Archive for alien creature

The Thing

Posted in Action/Adventure, Classics, Horror, Movie Reviews, Sci-Fi/Fantasy with tags , , , , , , , on December 21, 2011 by Mystery Man

PLOT (spoiler alert!!!):

An American Antarctic research team stationed at the United States National Science Institute Station 4 or Outpost 31 is alerted by gunfire and explosions. An Alaskan Malamute is trying to evade a Norwegian helicopter with an on-board rifleman frantically trying to kill the dog. The helicopter lands and the rifleman attempts to volley a thermite charge but accidentally drops the grenade. The pilot tries to pick it up but dies in the subsequent explosion, destroying the helicopter in the process. Unable to communicate with the American team in English, the rifleman fires at the dog, grazing Bennings, one of the researchers. The man is then shot and killed by Garry, the station commander.

Not knowing what to make of the incident, the station crew adopts the dog, placing it in the hands of Clark, the sled-dog handler. Unable to contact the outside world via radio, helicopter pilot R.J. MacReady and Dr. Copper risk a flight to the Norwegian camp for answers, but find the entire compound in charred ruins. MacReady and Copper enter the charred building to find an axe stuck in the door, the Norwegian personnel missing, and the body of a man (named Colin in the prequel) who appears to have committed suicide in the radio room. While Cooper collects videotapes and documents for evidence, MacReady searches the rest of the camp and discovers a large block of excised ice with a hollowed cavity in a room with a large hole in the roof. Outside the camp, the two also discover the burned remains of a mangled humanoid corpse with two faces. They bring the twisted body back to the camp, but an autopsy by Dr. Blair is inconclusive aside from the fact that the creature’s body contains a set of normal internal organs.

At a request by Bennings, Clark kennels the stray with the rest of the station’s sled dogs. Once alone, it transforms into a chaotic biomass that violently assaults the dogs with acidic fluids and whip-like tentacles. Alerted by the noise, MacReady and Clark summon the crew to the kennel with weapons, and Childs burns the creature with a flamethrower. A subsequent autopsy by Blair reveals that the stray dog was a mimetic extraterrestrial life form that assimilates and imitates other life forms on a cellular level. Realizing the implications of this, Blair quickly becomes withdrawn and suspicious of the others. Using the Norwegian research materials, MacReady, Norris and Palmer inspect a field site to discover a massive crater formed by an alien spacecraft. Norris and MacReady inspect the craft, which Norris estimates to be at least 100,000 years old, due to the age of the surrounding ice. Palmer, who remains at a distance, discovers the area from which the Norwegians had cut the large block of ice.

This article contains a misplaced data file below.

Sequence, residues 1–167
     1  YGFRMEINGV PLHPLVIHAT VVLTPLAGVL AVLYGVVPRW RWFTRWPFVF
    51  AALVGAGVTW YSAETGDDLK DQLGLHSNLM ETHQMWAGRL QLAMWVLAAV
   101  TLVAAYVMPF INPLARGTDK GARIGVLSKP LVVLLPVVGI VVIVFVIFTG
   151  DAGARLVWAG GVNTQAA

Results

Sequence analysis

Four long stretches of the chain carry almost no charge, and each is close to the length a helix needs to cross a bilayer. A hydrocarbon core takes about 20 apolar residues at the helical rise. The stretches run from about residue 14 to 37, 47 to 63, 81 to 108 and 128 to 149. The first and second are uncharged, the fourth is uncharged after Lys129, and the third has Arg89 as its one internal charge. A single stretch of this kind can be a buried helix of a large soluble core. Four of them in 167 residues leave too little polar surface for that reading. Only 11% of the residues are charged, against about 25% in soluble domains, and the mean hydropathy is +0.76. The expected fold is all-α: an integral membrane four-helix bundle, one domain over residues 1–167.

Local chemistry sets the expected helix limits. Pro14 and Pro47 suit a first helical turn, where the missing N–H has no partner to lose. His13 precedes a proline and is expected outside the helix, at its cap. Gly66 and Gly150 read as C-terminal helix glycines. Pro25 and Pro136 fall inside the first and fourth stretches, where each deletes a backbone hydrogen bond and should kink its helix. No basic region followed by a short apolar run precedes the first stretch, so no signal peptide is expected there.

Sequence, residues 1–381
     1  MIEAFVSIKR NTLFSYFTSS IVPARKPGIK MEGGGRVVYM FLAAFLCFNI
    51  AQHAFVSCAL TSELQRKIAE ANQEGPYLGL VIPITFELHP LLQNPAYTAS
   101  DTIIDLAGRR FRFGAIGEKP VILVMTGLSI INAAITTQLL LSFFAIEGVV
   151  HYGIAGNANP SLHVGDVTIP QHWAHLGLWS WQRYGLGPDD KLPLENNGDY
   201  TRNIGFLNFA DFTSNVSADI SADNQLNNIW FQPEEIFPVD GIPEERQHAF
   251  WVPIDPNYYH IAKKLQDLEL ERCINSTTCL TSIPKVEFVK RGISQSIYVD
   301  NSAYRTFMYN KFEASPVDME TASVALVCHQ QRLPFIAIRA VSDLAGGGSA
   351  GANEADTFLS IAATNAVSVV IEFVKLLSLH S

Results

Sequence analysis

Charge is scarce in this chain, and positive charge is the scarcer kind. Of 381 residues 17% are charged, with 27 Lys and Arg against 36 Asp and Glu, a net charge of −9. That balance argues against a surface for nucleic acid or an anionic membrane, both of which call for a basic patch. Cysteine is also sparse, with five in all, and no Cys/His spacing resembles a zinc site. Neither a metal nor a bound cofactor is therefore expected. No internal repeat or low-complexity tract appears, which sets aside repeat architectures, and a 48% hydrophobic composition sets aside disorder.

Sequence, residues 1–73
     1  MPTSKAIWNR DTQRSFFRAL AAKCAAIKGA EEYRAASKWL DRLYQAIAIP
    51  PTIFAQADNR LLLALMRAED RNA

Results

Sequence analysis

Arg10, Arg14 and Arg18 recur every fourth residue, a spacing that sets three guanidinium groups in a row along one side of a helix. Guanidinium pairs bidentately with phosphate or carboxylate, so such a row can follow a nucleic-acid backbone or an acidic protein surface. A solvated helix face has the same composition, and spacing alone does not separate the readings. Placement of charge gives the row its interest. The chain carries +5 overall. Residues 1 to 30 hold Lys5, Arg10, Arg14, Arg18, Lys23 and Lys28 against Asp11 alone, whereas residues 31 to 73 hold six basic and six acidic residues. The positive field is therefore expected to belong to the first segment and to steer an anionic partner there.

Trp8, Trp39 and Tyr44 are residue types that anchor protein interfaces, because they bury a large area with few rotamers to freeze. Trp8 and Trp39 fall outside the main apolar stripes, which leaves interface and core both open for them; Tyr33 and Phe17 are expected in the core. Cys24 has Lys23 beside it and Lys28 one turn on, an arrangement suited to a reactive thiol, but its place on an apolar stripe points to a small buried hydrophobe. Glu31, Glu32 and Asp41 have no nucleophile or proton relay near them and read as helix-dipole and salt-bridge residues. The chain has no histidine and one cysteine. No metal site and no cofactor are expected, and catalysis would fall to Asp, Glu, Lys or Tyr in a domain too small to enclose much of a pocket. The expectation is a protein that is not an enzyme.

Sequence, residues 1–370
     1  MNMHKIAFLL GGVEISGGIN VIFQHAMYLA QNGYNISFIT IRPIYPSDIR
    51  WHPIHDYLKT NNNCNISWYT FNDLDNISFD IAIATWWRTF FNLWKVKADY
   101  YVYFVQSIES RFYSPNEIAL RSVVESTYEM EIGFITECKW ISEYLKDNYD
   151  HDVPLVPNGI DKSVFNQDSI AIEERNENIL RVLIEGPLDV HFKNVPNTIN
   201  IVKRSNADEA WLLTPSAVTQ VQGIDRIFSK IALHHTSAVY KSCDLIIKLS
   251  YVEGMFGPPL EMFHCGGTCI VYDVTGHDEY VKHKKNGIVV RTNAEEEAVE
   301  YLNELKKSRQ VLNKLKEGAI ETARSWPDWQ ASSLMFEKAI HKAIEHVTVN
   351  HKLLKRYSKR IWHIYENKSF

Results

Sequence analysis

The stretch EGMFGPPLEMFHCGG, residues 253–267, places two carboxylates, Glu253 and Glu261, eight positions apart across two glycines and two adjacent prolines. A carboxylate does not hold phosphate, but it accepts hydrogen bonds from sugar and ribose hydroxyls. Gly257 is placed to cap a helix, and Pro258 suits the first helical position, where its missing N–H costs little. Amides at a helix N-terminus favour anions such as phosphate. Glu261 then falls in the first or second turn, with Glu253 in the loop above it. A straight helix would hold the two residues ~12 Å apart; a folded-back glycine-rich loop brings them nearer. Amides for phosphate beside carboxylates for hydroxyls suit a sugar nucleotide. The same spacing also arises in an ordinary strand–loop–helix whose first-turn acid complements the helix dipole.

The burned corpse from the Norwegian camp is revealed to be still alive when Windows finds the carcass assimilating Bennings and alerts MacReady. The team corners the Bennings-Thing in mid-transformation and burn it with fuel, along with the corpse from the Norwegian camp. Blair, meanwhile, has calculated that the creature will assimilate the entire planet within three years should it ever reach civilization, and suffers a psychotic episode, destroying the helicopter and radio with an axe and killing the remaining sled dogs. The team manages to corner and overpower him, and locks him outside in the tool shed.